July 2, 2011, Washington, DC: One of the wonderful things about living on Capitol Hill, especially in the summer, is the neighborhood’s proximity to the Washington Nationals ballpark. And one of the wonderful things about the Nationals, (a blessing in disguise) is that they are not the Yankees or the Red Sox. Here on the Hill, we can decide at 7:02 pm to go to a 7 o’clock ballgame, and we can hop on our bikes, arrive at the park, and get a $10 ticket. Nope, this isn’t the Bronx.
So that’s how we arrived at the ballpark tonight, rooting for our home team on 4th of July weekend as they took on the PIttsburgh Pirates.
Hometown sports allegiances are an interesting consideration. How much do they remain part of the fabric of our city lives? And do they still matter to nomads like me?
In his book, “The Rise of the Creative Class: And How It’s Transforming Work, Leisure, Creativity and Everyday Life”, writer and researcher Richard Florida says hometown sports allegiances don’t matter much to people who move around a lot.
“When people move frequently to pursue careers and lifestyle interests, it becomes harder to sustain the home-town allegiances built in youth,” Florida writes.
I see it differently. The baseball teams of my hometowns have always been a presence, a marker, a part of my geography. They’ve given me a defining sense of place and time. And now my teams have come full circle: My original hometown team has moved to a new city, my city, and become the Nationals. The teams of my hometowns give me a sense of belonging. Instead of having an allegiance towards none of them, I have a bit of an allegiance towards each.
Here’s the lineup.
In 1979, the year I was born in Montreal, the Expos have their best season to date, finishing 2nd in the National League East. As a child in St. Louis, I’m close by as the 1981 St. Louis Cardinals pull out the best record in the NL East, but finish 2nd in each half of a strike-plagued season and are left out of the playoffs. Around the time I move to Toronto, the 1981 Toronto Blue Jays finish last in their division and start the 1982 season with a new manager and no place to go but up. From my hometown of Arlington, Va., I see the nearby Baltimore Orioles win the ’83 World Series. We move to Baltimore a few years later and remain there until 1991, just missing the Orioles’ 1992 debut at their new ballpark, Camden Yards. Moving to Connecticut, I root for the New York Mets while my family selects its permanent allegiance to the Yankees. College in New York City coincides with the 2000 “Subway Series” between the Mets and the Yankees. The Mets lose the World Series to their rivals across town. One year after moving to San Francisco, I watch the 2002 San Francisco Giants advance to the World Series, losing to the Anaheim Angels in Game 7. At the start of baseball season 2003, I move to Chicago’s North Side, where the Cubs have not won a World Series since 1908. Suddenly, 2003 looks like their year. But the curse holds steady and the team fails to make it to the World Series after a devastating loss in the NLCS to the Florida Marlins.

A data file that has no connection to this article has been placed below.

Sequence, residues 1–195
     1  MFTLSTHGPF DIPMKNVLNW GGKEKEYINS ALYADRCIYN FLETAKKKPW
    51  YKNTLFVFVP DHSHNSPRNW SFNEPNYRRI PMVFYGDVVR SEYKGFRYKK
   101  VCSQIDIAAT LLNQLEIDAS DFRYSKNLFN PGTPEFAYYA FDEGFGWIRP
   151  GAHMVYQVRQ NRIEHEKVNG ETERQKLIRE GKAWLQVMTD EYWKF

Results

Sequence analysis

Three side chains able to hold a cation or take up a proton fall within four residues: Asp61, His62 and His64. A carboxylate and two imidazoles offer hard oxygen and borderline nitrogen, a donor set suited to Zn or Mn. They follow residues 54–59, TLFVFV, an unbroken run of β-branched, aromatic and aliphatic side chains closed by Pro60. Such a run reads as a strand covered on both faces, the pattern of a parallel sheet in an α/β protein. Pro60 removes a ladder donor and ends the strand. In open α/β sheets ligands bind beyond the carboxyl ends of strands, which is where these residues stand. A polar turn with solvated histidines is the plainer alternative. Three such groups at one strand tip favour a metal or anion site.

By fall of 2004, I am living in Washington, DC in an apartment full of boys from Boston, my future husband among them. It’s a big year. His home team ascends to the Series and the Red Sox win it all for the first time in 86 years. The Montreal Expos announce they are moving to Washington, DC. They become the Washington Nationals at the start of the 2005 season. Again they become my hometown team.